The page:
• When developing policies in your practice, write them down and keep them in a current file for team reference. 
  • Often filming a quick training video, or taking pictures of a tray and room set-up for specific procedures are helpful for dental assistants to refer back to. This resource allows for independent learning, and freeing up other team resources to be with patients.
  • Train your team. Once they’re proficient, perhaps challenge them to make things more efficient than they currently have them set up. 

Encourage: Doctor, your team wants to have a positive professional relationship with you. Here’s how you can be there for them without crossing personal or professional boundaries. 

There is not a single team member who should care more about your practice than you do, doctor, so stick around (or in other words, don’t leave early). There is so much that goes on in your practice, leaving little time for team check-ins. Doctors should make themselves available at the beginning or end of the day for follow-up conversations. If possible, the doctor should do everything they can to be the last person out the door.

As humans, we are built to be in relationship and community with each other. In professional journals like Harvard Business Review, Forbes, Inc., and Fast Company, you’ll find a bevy of articles focused on the relationship between bosses and their team members, employee productivity, and staff retention. In fact, a Gallup study published in 2015 found that employees who have managers who regularly communicate with them are almost three times more engaged than employees who have managers who communicate infrequently. The study also found that employees who feel their opinions count at work are more likely to stay with their company.

In this report, Gallup surveyed more than 2.5 million manager-led teams across 195 countries and found that employee engagement is strongly linked to the quality of the employee-manager relationship. The report also found that managers who focus on their employees’ strengths and development can have a significant impact on employee engagement and retention.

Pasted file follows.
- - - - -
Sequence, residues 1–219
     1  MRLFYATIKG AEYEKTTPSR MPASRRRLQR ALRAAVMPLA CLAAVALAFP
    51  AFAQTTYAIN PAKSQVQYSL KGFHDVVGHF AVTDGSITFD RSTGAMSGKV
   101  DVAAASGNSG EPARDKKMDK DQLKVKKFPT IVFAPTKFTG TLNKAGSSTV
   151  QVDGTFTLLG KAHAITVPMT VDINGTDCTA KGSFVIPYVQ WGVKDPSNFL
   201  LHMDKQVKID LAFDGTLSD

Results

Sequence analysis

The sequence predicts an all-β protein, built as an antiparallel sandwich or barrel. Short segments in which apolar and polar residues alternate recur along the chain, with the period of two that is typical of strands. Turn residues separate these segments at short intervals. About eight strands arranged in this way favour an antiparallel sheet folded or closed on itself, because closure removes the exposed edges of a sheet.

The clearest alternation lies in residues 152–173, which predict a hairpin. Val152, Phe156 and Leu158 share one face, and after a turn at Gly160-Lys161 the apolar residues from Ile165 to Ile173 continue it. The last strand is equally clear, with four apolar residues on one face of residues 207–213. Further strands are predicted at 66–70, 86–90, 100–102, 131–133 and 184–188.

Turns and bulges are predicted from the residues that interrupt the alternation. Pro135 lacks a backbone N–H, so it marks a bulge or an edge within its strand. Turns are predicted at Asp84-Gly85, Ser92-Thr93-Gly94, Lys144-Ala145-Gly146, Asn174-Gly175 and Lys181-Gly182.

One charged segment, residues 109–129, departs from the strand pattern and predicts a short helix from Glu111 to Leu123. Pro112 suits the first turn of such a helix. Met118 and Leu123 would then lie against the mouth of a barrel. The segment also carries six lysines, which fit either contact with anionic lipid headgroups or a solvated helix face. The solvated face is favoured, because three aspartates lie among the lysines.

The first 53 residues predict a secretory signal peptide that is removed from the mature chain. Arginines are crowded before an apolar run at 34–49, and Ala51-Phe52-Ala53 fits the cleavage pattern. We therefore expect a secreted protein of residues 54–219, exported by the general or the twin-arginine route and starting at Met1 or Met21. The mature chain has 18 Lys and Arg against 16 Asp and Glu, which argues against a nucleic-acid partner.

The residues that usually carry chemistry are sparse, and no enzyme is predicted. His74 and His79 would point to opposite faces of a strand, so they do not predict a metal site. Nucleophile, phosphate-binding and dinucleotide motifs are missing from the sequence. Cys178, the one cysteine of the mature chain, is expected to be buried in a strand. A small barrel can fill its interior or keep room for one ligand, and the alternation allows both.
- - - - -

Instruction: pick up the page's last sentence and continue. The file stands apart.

Overall, it is clear that having a positive relationship with employees can have a significant impact on their job satisfaction, productivity, and retention. (resource: )

So how do you develop a relationship with your employees without crossing the professional line?

  • Take time to get to know your employees.  
    • Ask them what is most important to them in life.
    • Get to know more about their families. You don’t need to go deep into their family tree, but at least know the names of their spouse and children. 
    • Find out what hobbies they’re into.
    • Share about yourself to find areas of commonality and to show your humanity. 
    • Find some organizations that you and your team can volunteer for together as a team.
    • Plan some appropriate team outings where you can all get to know each other on a personal level and bond as a team.
  • Create a culture of positivity.
    • Have your team fill out a “Favorite Things Sheet,” so when you catch them doing something right, you can customize your acknowledgement of a job well done.
    • Foster positivity in your communication and your personal attitude.
  • Create clear boundaries. 
    • Communicate clear role expectations and enforce them equally. 
    • Have an open-door policy but denote clear times when you are available to talk.
    • Decline any invitations that require you to spend time outside of work that does not include the entire team.